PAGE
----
Iran’s Fars News said that the drills occurred in both Iran’s territorial waters and in the international waters of the Gulf off Iran’s coast.
The Iranian media also reported that the two PLAN warships had 650 sailors on board, who engaged in cultural and sports activities with their Iranian counterparts. The ships’ officers met with their Iranian naval counterparts but also provincial officials.
Azad said that Iran’s ambassador and military attaché in Beijing organized the port visit and exercise.
After a meeting with the Chinese commanders, he announced that the two navies would conduct larger drills in the future.
Following media inquiries, the China’s Ministry of National Defense confirmed the port visit and that the ships would practice exchanging data and “joint operational capabilities” with Iranian warships.
The Chinese Navy website later posted comments by Rear Adm. Huang Xinjian, commander of the 17th Escort Task Force and deputy chief of staff of the PLA’s East Sea Fleet, who said that the PLAN visit to Iran was intended to “deepen mutual understanding, and to enhance exchanges between our two countries’ navies.”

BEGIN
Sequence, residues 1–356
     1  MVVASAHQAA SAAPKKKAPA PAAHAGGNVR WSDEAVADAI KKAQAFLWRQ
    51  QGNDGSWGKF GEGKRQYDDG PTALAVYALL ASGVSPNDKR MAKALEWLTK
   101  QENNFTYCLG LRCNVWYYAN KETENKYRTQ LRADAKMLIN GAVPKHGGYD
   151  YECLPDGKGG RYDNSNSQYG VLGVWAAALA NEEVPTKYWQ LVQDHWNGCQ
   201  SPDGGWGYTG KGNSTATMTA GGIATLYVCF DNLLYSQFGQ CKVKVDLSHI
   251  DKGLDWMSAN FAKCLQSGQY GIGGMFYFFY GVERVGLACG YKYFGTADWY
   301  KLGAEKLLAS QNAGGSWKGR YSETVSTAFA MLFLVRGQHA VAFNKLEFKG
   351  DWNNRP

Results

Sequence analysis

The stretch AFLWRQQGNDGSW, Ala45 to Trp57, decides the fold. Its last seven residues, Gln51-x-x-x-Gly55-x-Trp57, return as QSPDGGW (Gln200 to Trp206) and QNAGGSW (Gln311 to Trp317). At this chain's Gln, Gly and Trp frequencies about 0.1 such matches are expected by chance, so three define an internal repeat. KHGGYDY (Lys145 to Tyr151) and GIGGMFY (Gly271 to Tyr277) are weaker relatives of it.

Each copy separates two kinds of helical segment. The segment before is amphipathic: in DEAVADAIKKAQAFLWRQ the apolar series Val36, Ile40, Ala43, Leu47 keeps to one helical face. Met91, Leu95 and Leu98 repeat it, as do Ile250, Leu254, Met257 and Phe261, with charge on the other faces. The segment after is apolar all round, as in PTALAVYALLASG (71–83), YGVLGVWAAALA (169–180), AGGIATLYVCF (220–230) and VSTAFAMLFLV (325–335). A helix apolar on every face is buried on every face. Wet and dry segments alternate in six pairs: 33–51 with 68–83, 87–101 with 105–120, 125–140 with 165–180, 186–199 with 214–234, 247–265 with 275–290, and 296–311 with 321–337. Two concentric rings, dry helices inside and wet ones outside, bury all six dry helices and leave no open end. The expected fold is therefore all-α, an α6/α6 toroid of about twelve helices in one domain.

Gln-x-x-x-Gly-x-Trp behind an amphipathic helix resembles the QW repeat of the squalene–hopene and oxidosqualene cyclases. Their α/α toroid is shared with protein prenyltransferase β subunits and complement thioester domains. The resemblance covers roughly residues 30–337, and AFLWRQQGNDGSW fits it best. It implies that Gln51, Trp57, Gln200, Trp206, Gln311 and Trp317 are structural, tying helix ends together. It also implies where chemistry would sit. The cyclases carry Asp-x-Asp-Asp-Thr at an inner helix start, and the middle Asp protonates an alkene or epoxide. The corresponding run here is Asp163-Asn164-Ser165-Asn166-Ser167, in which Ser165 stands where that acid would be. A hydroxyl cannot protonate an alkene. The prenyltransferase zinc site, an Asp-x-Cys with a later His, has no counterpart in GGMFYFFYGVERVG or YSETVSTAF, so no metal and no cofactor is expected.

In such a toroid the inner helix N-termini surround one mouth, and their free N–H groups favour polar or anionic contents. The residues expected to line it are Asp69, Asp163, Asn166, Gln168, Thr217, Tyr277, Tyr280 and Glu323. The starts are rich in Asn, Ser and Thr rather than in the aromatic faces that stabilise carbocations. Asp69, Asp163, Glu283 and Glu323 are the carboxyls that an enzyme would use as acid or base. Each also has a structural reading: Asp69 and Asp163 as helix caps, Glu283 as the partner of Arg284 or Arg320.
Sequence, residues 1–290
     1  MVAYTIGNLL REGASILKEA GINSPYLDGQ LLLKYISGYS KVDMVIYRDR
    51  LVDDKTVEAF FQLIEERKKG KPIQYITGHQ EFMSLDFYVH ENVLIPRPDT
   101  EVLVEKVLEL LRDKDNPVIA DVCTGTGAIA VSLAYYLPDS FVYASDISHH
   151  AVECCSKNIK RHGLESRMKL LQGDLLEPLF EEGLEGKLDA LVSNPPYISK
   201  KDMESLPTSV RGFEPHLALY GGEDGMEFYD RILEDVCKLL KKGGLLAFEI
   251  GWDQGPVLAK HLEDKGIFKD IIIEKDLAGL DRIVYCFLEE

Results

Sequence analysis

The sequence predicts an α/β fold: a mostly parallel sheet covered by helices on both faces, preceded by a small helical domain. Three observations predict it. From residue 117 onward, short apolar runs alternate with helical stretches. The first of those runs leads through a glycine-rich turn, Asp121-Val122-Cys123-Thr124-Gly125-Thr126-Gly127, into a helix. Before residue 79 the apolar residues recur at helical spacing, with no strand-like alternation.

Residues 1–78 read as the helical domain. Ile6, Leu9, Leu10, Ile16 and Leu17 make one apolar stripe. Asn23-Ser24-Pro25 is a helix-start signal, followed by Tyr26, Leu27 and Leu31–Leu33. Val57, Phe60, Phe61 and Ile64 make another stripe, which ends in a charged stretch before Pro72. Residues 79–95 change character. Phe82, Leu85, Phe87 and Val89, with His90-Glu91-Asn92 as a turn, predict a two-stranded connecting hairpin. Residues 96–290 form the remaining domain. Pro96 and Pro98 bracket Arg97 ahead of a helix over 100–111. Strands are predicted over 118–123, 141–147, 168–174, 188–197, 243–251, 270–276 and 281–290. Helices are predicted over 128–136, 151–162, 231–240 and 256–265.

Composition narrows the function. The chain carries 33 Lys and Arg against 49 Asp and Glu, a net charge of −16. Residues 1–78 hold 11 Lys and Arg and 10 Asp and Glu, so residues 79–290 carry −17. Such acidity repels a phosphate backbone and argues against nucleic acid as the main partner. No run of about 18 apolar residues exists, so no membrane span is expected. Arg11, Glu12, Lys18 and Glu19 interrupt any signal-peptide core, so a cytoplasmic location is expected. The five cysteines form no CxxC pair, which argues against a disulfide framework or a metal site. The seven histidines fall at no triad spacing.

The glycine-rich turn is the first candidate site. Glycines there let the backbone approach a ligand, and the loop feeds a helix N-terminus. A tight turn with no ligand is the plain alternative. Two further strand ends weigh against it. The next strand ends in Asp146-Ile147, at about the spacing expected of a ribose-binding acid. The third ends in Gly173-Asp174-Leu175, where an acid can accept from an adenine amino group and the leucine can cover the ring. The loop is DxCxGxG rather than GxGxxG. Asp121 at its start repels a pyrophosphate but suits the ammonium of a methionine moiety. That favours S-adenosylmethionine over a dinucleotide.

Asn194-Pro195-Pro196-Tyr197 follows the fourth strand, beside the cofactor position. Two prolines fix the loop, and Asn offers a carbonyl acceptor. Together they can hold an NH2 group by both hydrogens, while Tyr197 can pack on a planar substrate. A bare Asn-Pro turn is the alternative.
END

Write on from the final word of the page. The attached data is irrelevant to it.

According to the Iranian press, the PRC Ambassador to Iran Pang Sen said that “this visit by the fleet of China is part of our joint efforts to strengthen the good relationship of cooperation between our two countries.”
The Chinese ships stayed 4-5 days and then conducted a similar port visit and naval drills with Pakistan, a long-standing Chinese ally and the main purchaser of Chinese naval vessels.